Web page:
Update to our Short Recommendation for International Business Machines Corp. (NYSE:IBM)

For all stocks in a major index that is tracked by ETFs and mutual funds that are required to buy shares of those companies when deposits come into those funds, buy-side interest can appear strong when it should not.  A weak company, one that is overvalued, or one that has problems, can be the beneficiary of ETF and Mutual fund inflows that are required to buy those shares too.

In many ways, that is exactly what has happened with International Business Machines Corp. (NYSE:IBM), it has been the beneficiary of being an integral part of the DJIA, and buy-side interest has been there even while the company has shown little to no growth, and prospects for good valuation are not in the immediate future.

Sign Up for Free Trial

Although these observations might be heard more clearly today than before the company posted earnings, the observations being made existed before, and the short recommendation made by Stock Traders Daily on shares of IBM was based in part on this clear lack of value.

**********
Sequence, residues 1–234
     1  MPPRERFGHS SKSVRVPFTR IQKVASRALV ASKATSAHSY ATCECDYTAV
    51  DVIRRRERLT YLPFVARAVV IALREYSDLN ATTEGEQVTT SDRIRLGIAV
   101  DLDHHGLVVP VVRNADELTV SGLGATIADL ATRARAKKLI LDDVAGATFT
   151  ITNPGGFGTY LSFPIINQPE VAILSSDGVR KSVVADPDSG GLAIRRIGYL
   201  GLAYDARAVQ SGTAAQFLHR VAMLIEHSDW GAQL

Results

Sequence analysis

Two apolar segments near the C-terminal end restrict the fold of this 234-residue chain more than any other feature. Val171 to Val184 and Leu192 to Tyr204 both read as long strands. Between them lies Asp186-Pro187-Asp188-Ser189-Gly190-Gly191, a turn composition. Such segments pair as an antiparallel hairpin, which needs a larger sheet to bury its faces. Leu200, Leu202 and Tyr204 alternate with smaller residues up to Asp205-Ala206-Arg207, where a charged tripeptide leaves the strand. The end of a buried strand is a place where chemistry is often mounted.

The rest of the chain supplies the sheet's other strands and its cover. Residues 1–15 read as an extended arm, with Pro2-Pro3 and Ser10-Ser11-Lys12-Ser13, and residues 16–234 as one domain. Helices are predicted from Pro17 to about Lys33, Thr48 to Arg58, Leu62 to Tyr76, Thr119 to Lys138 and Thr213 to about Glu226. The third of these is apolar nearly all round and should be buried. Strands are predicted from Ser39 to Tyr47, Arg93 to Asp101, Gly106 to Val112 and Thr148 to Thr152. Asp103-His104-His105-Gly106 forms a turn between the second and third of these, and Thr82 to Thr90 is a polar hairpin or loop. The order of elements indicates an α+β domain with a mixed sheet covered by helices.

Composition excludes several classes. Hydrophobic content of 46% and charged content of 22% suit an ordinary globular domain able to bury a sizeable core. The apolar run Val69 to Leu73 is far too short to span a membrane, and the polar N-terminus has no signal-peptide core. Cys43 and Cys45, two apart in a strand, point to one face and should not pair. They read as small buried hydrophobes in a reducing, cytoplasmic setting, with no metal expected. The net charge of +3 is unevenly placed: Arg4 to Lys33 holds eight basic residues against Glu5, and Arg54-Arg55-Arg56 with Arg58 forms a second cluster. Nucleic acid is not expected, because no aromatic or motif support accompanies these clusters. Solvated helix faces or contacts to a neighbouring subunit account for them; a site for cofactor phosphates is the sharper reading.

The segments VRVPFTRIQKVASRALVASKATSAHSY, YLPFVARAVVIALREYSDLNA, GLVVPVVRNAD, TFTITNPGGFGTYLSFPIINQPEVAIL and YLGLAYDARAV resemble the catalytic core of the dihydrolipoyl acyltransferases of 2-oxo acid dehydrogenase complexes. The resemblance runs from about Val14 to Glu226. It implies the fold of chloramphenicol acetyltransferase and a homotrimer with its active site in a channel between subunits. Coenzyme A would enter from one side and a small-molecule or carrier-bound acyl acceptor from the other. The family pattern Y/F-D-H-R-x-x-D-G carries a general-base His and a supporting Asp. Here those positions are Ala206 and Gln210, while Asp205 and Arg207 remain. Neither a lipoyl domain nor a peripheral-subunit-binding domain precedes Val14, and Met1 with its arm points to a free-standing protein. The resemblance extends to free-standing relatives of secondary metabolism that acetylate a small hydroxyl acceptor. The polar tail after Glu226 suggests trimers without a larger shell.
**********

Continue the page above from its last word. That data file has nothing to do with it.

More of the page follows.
Looking at the charts below, which are part of our analysis, the still-stretched valuation of IBM becomes obvious.  These data reflect the decline in price that has already happened, after earnings, and based on projections for growth vs. the PE ratio, the Price to Earnings Growth Ratio (PEG) will increase to 4.5 next year.  That's expensive!

Fair value exists when a stock trades with a PEG of 1.5 based on our model, so attractive valuations come in when stocks trade below 1.5, which few of them do in today's market by the way, but a PEG of 4.5 is outrageous.

This prompted our short recommendation, initiated at much higher levels, but now the stock is rapidly approaching our downside price target.  At that target we will recommend covering shorts, so we are not interested n engaging new shorts, but instead we are interested in closing existing short positions.

If IBM were not in the DJIA our downside target would be much lower, because IBM is very much overvalued, but the reality is that money flows will come to IBM so long as money flows come into ETFs and Mutual funds that track the DJIA, so downside targets are moderated accordingly.


IBM PE chart

IBM PEG chart

share_linkedin